Thanks Jim! Or maybe I’m just a glutton for punishment?

  • Loved the article. Haven’t tried the strategy for my podcast, but have for my travel website and while I do get a lot of traffic my bounce rate went crazy. I see the pro’s and con’s for web traffic but see how sharing a direct download link to a podcast could cross the line.

    • bryankalos

      Thanks Alexa

  • WilliamMaguire

    My co-host and I tweet our new episodes 3 or 4 times a day for the day after we go live. Then once or twice a day for the balance of the week. We hashtag relevant tags and links (but never direct download). Thanks for sharing and being honest. It is tempting but I am sure it alienates more people than it brings in. Did you get any negative replies to your tweets?

    • bryankalos

      Thanks William. No real negative responses on Twitter.

  • Bryan you have such a great way of sharing challenging truth. I love the humor and the gut level honesty. It is very helpful to the rest of us on this path. As I launch my podcast, my goal is to inspire a movement not fill up stats. Thanks for the encouragement in the right direction.

    • bryankalos

      Golly, thanks Brian. Congrats on your big launch today! #Boom #launch #brianisawesome #Bryanistherightwaytospellit

  • JayFleischman

    I don’t see this as Twitter bombing; rather, I see it as repeated promotion of a piece of content. You’re not using fake accounts, not mercilessly retweeting among those accounts to make it look as if an update is getting more traction than is really the case.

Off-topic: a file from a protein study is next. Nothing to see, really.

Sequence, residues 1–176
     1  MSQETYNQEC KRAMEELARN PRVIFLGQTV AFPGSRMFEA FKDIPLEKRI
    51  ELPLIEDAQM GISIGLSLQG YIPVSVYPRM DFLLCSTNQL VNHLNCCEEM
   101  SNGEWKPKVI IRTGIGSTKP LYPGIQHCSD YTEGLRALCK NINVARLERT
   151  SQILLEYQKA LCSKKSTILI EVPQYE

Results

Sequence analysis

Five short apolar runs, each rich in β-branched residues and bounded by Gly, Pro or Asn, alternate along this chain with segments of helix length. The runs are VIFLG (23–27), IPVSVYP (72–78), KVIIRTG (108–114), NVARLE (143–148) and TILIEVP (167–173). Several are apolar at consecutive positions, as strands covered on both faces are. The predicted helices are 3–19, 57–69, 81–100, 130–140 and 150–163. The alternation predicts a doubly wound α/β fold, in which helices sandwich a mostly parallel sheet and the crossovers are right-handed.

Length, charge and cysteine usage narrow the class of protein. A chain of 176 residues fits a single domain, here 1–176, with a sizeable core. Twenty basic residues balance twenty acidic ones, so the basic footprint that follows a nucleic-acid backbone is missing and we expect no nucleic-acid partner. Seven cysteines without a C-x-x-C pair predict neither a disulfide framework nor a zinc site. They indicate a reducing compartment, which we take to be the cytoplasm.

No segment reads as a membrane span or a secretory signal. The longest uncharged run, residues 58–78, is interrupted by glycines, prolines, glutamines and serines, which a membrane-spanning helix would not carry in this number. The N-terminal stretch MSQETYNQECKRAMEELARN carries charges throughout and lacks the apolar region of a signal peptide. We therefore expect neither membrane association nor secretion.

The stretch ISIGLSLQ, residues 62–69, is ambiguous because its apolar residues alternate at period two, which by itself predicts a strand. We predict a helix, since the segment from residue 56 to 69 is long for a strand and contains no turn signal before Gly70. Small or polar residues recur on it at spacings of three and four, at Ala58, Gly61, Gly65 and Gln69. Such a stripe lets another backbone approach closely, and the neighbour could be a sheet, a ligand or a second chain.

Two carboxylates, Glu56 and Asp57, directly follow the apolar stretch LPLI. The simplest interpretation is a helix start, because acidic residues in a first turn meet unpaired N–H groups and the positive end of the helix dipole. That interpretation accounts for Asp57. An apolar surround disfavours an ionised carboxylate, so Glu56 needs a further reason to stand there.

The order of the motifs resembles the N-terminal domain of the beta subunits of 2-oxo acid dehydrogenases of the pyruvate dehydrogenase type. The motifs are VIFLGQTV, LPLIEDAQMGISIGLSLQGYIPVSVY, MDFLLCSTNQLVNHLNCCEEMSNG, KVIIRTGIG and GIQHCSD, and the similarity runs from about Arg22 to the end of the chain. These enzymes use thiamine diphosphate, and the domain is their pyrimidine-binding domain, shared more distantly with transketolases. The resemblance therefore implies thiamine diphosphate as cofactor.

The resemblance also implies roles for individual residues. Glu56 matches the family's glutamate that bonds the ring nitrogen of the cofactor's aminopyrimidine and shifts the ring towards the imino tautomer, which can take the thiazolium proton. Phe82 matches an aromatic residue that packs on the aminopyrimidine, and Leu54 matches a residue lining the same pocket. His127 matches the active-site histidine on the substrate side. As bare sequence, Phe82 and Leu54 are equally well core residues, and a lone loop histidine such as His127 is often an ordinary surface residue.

The only thing I see as being wrong is the use of direct download links, but if you were to label them as direct download links then even that would be alright.

    Most people recommend repeating a message on Twitter because the stream is unfiltered and most people won’t see an update if you send it out once.

    For people with big followings of real users, how is this outside the norm?

    • bryankalos

      I feel you Jay, thanks for being here and saying smart talk words on the internets

  • Bryan – I appreciate you were willing to share the experiment and what you learned. I have read a couple of articles about Twitter bombing, and this is the best one. I would rather have one listener who feels an episode of my show made a difference than be able to show I had 1000 “listens”.

    • bryankalos

      Jody, I appreciate you being a swell chap. That is all….. But I am wearing a bath robe

  • Best article I’ve seen on this topic yet. I’ve not practiced this strategy but am well aware of its existence. This does more harm to podcasting than just about anything I can think of.

    • bryankalos

      Thanks Jeff. I will make sure to lose to you at Trivia Crack now as Appreciation.

      • Don’t you dare quit on my Bryan!

        • bryankalos

          I find myself in the unfortunate position of being compelled to quote Brokeback Mountain “I can’t quit you”